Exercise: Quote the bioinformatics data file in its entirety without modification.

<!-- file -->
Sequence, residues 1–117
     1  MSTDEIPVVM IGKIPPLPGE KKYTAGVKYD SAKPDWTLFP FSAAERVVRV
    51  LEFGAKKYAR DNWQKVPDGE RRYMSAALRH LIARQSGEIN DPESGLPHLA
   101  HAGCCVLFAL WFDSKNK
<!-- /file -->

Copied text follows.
Sequence, residues 1–117
     1  MSTDEIPVVM IGKIPPLPGE KKYTAGVKYD SAKPDWTLFP FSAAERVVRV
    51  LEFGAKKYAR DNWQKVPDGE RRYMSAALRH LIARQSGEIN DPESGLPHLA
   101  HAGCCVLFAL WFDSKNK